Clovis, New Mexico suffered an EF2 tornado which killed two people, injured 35, and caused some 16.5 million dollars in damages. The tornado's average width was 200 yards and damaged some 500 homes and other buildings.
|Episode Narrative||An unusually early and intense outbreak of severe storms with large hail and tornadoes occurred across east central and southeast New Mexico during the afternoon and evening of the 23rd. The average date for isolated first reports of damaging hail over the past 20 years has been March 24th with the location typically confined to far southeast New Mexico. The March 23rd 2007 episode produced a number of large hail events from Roswell to Tucumcari and peaked with multiple tornadoes from near Tatum north to Clovis and northeast of Tucumcari. A tornado at Clovis resulted in the death of two elderly citizens, the first tornado fatalities in New Mexico since October of 1974. The episode was characterized by a slow moving upper level low that produced strong speed shear but nearly uniform southerly directional flow aloft across the eastern and southeastern sections of the state. Storms with large hail developed first during early and mid afternoon from near Roswell north to Tucumcari. Towards late afternoon and early evening as storms migrated north northeast they encountered an increasing but shallow easterly surface flow that enhanced low level shear resulting in brief but shallow tornadoes. Multiple small but elevated vortices were observed circulating around well defined wall clouds with occasional spin downs into brief tornadoes.|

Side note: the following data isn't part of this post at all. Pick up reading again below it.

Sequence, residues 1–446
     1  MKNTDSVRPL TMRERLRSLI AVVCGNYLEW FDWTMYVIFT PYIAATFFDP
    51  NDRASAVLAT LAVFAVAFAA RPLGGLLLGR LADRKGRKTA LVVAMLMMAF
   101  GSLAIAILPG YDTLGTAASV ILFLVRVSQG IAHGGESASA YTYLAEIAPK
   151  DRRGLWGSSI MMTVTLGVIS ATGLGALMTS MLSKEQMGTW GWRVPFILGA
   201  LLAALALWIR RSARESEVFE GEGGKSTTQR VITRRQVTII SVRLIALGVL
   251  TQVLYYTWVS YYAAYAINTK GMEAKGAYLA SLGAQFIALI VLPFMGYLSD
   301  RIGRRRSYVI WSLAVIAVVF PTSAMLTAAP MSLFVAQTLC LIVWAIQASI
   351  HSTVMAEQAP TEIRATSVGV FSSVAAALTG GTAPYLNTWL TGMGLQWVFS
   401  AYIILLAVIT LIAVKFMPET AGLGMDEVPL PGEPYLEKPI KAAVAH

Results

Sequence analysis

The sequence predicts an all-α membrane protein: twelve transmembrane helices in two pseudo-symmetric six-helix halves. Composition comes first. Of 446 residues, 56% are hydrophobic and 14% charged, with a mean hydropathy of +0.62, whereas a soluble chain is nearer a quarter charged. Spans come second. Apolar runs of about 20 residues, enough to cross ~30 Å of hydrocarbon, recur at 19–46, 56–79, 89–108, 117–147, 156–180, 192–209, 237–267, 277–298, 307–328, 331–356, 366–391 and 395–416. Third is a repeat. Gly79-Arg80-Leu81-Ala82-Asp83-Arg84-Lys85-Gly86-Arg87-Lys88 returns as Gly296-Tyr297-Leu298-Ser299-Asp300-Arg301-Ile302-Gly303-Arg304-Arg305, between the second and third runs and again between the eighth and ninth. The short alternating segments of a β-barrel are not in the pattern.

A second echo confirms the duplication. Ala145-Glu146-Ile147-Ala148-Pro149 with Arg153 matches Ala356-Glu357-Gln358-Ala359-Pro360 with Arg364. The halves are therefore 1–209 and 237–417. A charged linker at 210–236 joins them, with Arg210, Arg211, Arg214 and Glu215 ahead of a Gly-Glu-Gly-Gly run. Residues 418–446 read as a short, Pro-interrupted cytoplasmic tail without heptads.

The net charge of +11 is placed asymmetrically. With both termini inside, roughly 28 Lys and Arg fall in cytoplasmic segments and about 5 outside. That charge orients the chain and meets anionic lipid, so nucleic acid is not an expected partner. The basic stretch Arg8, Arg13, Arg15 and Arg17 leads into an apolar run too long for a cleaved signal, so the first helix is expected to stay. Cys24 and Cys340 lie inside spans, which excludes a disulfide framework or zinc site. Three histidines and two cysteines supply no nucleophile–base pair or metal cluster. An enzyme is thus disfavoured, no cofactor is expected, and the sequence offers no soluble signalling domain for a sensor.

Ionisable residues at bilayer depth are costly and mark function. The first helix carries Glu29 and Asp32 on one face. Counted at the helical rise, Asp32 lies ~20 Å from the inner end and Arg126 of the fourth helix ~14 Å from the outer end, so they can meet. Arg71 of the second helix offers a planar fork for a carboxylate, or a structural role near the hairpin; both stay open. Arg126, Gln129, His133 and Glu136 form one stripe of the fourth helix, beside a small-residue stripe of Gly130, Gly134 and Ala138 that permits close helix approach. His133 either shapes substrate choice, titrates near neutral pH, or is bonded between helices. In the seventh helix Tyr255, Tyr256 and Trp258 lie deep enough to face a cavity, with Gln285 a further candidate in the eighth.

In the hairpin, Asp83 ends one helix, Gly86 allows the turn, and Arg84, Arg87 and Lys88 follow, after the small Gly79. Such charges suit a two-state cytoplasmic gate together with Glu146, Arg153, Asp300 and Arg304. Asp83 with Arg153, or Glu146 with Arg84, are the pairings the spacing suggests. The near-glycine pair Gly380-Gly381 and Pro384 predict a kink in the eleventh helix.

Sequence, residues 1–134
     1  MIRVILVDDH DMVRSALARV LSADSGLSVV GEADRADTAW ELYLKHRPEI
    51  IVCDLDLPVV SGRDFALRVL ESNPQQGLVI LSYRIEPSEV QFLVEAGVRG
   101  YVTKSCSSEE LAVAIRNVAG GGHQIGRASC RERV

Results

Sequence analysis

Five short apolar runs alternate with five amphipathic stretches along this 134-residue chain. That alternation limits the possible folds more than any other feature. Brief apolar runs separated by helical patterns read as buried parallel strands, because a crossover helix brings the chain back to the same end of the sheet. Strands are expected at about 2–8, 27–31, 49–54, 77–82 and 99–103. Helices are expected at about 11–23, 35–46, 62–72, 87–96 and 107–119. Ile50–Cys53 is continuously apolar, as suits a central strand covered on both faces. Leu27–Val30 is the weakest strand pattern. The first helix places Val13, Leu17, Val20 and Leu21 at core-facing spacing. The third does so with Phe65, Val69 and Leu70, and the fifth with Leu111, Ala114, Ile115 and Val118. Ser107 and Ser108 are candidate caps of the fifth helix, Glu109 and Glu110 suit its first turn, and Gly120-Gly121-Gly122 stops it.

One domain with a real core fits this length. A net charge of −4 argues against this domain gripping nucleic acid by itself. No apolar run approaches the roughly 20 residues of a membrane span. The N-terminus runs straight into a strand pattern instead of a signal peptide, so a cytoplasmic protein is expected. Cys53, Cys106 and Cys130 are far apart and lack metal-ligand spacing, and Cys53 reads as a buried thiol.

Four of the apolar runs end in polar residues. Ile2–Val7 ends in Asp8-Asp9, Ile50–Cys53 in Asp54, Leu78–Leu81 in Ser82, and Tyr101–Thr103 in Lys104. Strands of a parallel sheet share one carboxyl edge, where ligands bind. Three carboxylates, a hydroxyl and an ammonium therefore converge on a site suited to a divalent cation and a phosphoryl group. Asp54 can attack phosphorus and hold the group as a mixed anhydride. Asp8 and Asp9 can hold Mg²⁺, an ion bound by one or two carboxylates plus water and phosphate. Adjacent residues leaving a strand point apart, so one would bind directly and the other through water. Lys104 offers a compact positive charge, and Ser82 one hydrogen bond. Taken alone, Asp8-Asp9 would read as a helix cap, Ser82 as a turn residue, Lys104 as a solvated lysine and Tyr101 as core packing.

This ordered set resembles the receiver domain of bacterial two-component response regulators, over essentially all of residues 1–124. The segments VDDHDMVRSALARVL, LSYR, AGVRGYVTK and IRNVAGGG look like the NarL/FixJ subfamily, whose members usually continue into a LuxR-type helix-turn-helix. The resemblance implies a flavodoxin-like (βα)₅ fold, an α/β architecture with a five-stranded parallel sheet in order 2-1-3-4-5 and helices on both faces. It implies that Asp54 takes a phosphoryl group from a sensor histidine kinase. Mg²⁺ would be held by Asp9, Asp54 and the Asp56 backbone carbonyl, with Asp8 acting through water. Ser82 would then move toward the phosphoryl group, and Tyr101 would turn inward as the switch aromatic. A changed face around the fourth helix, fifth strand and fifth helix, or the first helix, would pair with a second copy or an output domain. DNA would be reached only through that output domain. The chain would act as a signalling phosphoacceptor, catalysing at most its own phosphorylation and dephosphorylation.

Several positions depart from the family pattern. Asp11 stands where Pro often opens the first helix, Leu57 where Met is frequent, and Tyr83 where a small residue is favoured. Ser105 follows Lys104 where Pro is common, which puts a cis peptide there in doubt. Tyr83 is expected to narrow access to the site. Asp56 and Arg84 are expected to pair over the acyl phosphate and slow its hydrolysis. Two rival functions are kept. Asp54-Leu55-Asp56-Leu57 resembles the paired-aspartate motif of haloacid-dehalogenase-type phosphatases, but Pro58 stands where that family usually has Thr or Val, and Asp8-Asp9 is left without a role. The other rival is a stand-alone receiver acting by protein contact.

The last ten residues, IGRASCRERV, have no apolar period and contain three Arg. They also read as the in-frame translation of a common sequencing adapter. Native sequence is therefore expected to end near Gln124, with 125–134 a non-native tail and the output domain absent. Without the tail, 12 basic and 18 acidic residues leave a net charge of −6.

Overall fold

|Event Narrative||A tornado that developed in Roosevelt County continued north northwest into Curry County for about 3.5 miles then tracked north northeast an additional 4.6 miles into southern and east central sections of Clovis. Intensity of the tornado appeared to wane from EF2 120 mph in Roosevelt County to EF1 100 mph as it moved north into Curry County along Highway 70 where damage was limited to power lines and farm irrigation equipment. Intensity increased again to EF2 level 125 mph for a segment extending from about 4 miles south of Clovis northward into southeast Clovis which sustained the heaviest and most consistent damage as indicated by structural damage and downed power poles. The tornado appeared to wane again as it move north over Highway 60/84 just east of the intersection with Highway 70. The tornado track became intermittent north of Highway 60/84 with winds likely less than 85 mph before a final one half mile track of heavier damage and EF2 level winds of 120-125 mph. Average width was estimated at 200 yards. About 500 homes and other facilities sustained at least some damage ranging from complete destruction of mobile homes in southeast Clovis and wall collapse at several businesses along Highway 60/84 to the loss of roof shingles and roof top air conditioning units. Thirty five people suffered treatment injuries including five that required hospitalization. Two elderly citizens died later from injuries sustained during the event making these the first tornado fatalities in New Mexico since October of 1974.|